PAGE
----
Duane Sand, Published April 26 2009
Free choice act erodes free choiceMuch has been said and written about the Employee Free Choice Act making its way through Congress. To cut through the rhetoric and propaganda from both sides, it is necessary to first review how the systems for unionizing operate now and compare that to what the proposed changes actually mean to businesses and, more importantly, workers.
Under current law, when 30 percent of workers in a selected workplace sign a card saying they would like to have the option to unionize via election, the employer then has 90 days to set an election. Within that election, a secret ballot is used and 50 percent plus 1 is the simple majority threshold to create the union within a selected workplace. Then the contract negotiation process begins.
What EFCA proposes to do is eliminate the election altogether by saying “if 50%+1 of the workforce signs the card, there will be no election (unless the employees call for it themselves).” The employer would no longer have the ability to call for a secret ballot election. Unions say this will streamline the process.
The problem unions fail to acknowledge is that many of those who sign the card do so just to get the union organizer to go away. This process does not take into account the reasoning for signing the card; it only counts the signature.
Having collected signatures for an initiated measure last year, I can tell you that many people will sign a petition just to get it on the ballot even if they plan to vote no.
Last year, the U.S. House voted in favor of the bill, including Congressman Earl Pomeroy, D-N.D. The Senate declined to take action because leadership knew they did not have the votes. Sens. Kent Conrad and Byron Dorgan were co-sponsors last year but did not co-sponsor this year’s version in the Senate, trying to distance themselves from it suddenly.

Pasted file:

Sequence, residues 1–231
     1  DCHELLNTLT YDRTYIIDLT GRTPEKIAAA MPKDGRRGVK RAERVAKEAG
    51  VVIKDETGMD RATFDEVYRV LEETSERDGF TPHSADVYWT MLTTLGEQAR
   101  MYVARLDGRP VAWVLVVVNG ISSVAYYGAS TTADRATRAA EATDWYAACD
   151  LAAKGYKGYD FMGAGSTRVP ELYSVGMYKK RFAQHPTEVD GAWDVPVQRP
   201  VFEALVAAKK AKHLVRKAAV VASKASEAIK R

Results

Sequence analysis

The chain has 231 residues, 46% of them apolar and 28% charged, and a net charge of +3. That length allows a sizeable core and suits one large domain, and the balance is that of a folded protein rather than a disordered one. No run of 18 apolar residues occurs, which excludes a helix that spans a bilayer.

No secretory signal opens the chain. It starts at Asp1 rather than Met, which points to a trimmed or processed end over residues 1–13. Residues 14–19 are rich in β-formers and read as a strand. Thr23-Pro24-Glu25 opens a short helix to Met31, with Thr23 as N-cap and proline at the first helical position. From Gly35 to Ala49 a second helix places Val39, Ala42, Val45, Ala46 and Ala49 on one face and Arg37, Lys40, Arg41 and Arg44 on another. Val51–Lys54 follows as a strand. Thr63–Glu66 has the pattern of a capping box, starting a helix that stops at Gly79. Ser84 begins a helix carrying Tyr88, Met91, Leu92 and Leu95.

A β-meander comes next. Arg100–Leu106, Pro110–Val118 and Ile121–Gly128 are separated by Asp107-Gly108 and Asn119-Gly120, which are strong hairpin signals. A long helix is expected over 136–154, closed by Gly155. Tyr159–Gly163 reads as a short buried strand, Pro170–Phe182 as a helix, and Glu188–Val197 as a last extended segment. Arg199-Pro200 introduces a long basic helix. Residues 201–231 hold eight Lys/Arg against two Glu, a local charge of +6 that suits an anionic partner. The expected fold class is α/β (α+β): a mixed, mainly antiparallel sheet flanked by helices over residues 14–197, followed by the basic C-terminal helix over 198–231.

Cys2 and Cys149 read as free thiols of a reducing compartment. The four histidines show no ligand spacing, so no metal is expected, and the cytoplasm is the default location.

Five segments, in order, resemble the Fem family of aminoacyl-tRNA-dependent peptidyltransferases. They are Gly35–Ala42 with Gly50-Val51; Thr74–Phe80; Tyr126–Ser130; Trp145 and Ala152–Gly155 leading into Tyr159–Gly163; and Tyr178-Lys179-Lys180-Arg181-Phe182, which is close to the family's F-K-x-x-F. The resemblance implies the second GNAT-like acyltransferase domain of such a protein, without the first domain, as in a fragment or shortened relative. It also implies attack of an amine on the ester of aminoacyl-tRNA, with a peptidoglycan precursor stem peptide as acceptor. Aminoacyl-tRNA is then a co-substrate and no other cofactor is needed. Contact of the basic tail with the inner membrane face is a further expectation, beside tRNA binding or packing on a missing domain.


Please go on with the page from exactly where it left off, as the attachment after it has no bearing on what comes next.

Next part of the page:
To sum it all up, the Employee Free Choice Act eliminates the automatic election and eliminates the employer’s ability to call for an election. Because it eliminates both the automatic election and the employer’s ability to call for an election, the right of the secret ballot is repealed. Obviously, if there is no election, there can be no secret ballot.
A secret ballot protects the minority.
If the union fails to gain support of the work force, why should the employer get to see who supported the losing side?
If the union wins the election, why should union leaders know who voted against the union?
It’s basic fairness. The current system has worked since the 1930s. If it was good enough for Franklin Roosevelt, it’s good enough for us.
Sand was the Republican candidate for the U.S. Senate in 2000 and the U.S. House in 2004 and 2008.